If you can actually lift your head off the pillow at all on the morning after the night before in Bazvegas, you will have the opportunity to partake in some traditional bone carving. A great idea for a present for the folks back home. Then, onto Franz Josef, a town snuggled in between the Tasman Sea and the awesome Franz Josef Glacier.

I chose to spend an extra day in Franz Josef, opting for the half day glacier walk, although you can do a quarter day, full day, or even a helicopter hike (weather permitting) if you’re feeling too lazy to actually walk up the glacier. The guided glacier walks are very good value, providing you with books, waterproofs, woolly hats and everything you need to conquer a glacier. The rainforest hostel, which was our home for two nights, offered a good variety of value meals to gorge on after a strenuous days activity, as well as a good night on the beer!

An early start the next day took us to Makarora, a beautiful place to stay with Scandinavian style wooden buildings surrounded by mountains and lakes. The only noise coming from the birds and the occasional small plane taking off in the field over the road. This truly was rural New Zealand. The sun was shining when we arrived, so to cool off, we headed down to the lake for a dip. But be warned, this water comes from the direction of the glacier, hence, it is bleedin’ freezing!

Our final stop before Christchurch was arguably the adventure capitol of New Zealand – Queenstown. On the way, I decided to experience a bungy jump at the AJ Hackett site at Kawarau bridge, which was possibly the scariest thing I have ever done in my entire life! Queenstown itself offers many extreme activities, and I would highly recommend spending a good few days here, if only for the nightlife. Tip – get in with the locals, they know the best places to drink!

Just some of the activities on offer in Queenstown include the Nevis Highwire bungy jump – the highest commercial bungy in the world at 134 meters above the Nevis river – skydiving, mountain climbs, horse riding (including Lord of the Rings themed rides), skiing and snowboarding in winter, rafting, kayaking, fishing, sailing, river surfing, hang-gliding, canyoning and many, many more. Not much to do then?!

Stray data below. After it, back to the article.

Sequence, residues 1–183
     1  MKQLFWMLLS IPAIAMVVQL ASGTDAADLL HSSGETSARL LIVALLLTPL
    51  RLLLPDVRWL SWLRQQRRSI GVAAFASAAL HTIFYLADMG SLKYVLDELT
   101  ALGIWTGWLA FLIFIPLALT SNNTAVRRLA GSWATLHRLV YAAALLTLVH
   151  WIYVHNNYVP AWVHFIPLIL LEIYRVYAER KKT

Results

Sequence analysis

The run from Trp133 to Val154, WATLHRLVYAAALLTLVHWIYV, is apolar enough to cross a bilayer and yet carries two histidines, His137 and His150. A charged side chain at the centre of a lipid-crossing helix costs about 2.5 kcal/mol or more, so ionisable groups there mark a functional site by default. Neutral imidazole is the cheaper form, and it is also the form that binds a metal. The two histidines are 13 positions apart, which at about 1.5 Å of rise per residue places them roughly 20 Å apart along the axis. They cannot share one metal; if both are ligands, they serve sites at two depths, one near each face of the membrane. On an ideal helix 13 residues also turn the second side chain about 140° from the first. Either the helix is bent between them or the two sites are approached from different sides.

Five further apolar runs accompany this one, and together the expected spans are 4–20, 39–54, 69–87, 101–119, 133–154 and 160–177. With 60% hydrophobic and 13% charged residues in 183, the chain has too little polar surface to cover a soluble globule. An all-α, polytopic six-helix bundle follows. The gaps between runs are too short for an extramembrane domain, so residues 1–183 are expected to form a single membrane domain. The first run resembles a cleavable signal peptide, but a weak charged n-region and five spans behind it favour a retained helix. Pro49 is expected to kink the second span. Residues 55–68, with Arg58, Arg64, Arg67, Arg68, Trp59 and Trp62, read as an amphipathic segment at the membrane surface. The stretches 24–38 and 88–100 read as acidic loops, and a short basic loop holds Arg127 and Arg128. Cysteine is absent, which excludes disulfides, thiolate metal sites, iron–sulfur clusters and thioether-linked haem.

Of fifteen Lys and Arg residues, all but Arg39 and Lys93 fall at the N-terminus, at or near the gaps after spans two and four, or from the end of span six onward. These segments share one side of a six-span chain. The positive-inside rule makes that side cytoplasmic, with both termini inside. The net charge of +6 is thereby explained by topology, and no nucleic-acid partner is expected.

The final stop on my amazing adventure was Christchurch. Exhausted after two weeks of pure fun, my new BFF’s (best friends forever) and I checked into our hostel and opted for a quiet night in with home cooked spag bol. Tip # 4: the hostel we stayed in offered penthouse accommodation – this meant sharing a kitchen, lounge, balcony and bathroom with only two other dorms. Flash packing at it’s best. Between the six of us, it only cost us a dollar more each than a normal dorm would, and was well worth it for our final night together.

The next day, as I waited at Christchurch airport, alone again, I pondered over my experiences in New Zealand. I had gone there by myself, and was leaving by myself, but with the knowledge I had made friends who I would stay in touch with for life, something I doubt would have happened had I already been travelling with company. Being all by myself was encouragement enough to get out and talk to people, find out more about them and form a long-lasting friendship. Being with a tour company was definitely a benefit, making me feel safe whilst not being in any way restrictive.

All in all, a fantastic, empowering experience.